In comparison with other fairy tales, few retellings of Snow White and Rose Red exist. Although storytellers have re-imagined Snow White and Rose Red in poems, novels, picture books, and films, there’s much in the original story left mostly unexplored, particularly the Christian elements.
In three of the novel versions of Snow White and Rose Red, the core elements of the story–the bear, the sisters, and the mother–remain, but the incidentals, tone, and emphasis vary greatly.
Shadow of the Bear sets the familiar story in modern-day New York, and its Catholic perspective is quite in keeping with the Christian elements and tone of the original tale. Yet by modernizing it, it takes away a some of the fairy tale feel.
Others have kept the fairy element, but taken the story in darker directions, placing the sisters in more perilous places than the safe forest of the Grimm tale. Snow White and Rose Red by Patricia Wrede puts the sisters in a version of medieval England that intersects with the realm of Faerie, and focuses more strongly on magic than the Grimm version of Snow White and Rose Red.
And Margo Lanagan penned an extremely dark retelling, Tender Morsels, in which the sisters are products of rape and the safe place their mother has attempted to create for them begins to fall to pieces. Please note that I have not read the Wrede and Lanagan stories, so their inclusion is not an endorsement, but rather a look at how the story has evolved.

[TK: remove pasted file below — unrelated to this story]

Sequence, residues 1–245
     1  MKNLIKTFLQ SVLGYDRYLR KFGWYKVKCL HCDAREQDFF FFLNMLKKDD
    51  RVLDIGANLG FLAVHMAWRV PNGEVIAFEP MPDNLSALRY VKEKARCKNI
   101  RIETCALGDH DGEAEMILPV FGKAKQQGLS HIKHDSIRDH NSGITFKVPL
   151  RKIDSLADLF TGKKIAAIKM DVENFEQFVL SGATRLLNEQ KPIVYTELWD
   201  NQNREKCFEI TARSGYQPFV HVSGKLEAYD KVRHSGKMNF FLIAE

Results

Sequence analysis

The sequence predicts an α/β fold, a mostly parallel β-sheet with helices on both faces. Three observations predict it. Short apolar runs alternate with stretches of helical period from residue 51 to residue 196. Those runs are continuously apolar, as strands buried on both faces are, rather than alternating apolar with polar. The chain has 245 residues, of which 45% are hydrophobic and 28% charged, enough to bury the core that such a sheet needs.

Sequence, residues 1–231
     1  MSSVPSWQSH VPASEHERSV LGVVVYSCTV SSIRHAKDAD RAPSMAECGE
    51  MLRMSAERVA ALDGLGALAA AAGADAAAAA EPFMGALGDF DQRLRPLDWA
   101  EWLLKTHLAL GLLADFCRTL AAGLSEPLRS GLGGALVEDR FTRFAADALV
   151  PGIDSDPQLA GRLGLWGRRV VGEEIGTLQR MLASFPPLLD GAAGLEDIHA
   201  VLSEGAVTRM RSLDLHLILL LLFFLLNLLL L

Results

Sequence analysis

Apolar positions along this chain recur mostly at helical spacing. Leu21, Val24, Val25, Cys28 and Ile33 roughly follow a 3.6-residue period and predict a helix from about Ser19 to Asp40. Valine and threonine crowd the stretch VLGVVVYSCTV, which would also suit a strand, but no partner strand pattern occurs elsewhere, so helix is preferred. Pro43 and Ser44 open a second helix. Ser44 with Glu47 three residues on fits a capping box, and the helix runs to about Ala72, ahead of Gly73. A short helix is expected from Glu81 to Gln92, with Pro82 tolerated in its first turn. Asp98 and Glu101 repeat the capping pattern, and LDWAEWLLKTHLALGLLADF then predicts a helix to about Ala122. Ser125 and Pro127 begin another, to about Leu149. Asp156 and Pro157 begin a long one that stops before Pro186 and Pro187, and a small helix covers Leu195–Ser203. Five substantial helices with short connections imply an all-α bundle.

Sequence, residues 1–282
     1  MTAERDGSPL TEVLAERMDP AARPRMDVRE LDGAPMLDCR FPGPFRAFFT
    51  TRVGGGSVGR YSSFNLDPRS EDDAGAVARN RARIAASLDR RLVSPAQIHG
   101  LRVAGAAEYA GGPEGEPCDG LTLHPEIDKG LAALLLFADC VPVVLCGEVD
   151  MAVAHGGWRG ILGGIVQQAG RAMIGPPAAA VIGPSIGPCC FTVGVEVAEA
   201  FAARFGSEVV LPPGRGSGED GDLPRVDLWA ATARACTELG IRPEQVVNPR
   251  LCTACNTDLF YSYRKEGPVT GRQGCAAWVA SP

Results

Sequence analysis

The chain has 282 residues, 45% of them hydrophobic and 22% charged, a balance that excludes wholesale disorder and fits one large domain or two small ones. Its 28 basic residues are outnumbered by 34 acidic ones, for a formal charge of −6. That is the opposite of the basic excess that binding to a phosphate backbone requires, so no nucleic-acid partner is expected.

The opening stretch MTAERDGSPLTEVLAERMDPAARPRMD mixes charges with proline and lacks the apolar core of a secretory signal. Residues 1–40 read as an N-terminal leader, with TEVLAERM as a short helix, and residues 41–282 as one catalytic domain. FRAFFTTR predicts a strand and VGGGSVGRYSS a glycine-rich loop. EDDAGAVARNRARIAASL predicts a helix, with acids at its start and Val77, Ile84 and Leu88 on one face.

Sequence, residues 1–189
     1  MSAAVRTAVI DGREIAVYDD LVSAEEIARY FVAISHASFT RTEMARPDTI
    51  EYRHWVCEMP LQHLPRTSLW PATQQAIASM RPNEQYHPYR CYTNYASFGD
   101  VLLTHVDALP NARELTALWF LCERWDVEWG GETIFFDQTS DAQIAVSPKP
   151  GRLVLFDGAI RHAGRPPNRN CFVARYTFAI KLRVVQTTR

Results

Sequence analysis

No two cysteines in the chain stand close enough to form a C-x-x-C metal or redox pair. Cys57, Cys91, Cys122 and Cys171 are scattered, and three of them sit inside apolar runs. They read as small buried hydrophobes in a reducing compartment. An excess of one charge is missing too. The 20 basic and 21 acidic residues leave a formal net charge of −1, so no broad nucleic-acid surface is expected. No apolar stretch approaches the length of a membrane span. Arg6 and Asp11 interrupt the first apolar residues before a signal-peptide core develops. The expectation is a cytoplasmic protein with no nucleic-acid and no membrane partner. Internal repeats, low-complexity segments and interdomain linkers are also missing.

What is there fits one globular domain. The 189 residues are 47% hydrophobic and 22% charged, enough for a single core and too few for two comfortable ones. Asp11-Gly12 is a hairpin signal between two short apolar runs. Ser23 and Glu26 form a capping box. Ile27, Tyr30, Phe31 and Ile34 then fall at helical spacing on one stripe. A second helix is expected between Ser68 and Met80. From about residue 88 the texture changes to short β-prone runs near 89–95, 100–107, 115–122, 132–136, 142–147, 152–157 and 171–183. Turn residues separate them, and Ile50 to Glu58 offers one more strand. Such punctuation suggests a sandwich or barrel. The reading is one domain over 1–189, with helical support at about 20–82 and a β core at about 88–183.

When we step back from adult retellings of the story to look at the numerous picture book versions, we see a turn back to the more gentle, lighthearted origins of the tale. Lovely illustrations do much to bring the story to life and back into the realm of its originally intended audience–young children. The lone film I’m aware of, which was produced by German filmmakers in 1955, follows in a similar child-friendly vein.
Although these various modern renditions cover some ground, many aspects of the story could use more attention. The family dynamics, Christian elements, and transformation of beast to man could offer rich material for storytellers, if they explored it. And I hope they will in future years.
Any thoughts on why Snow White and Rose Red has fewer retellings than fairy tales like Cinderella or Beauty and the Beast?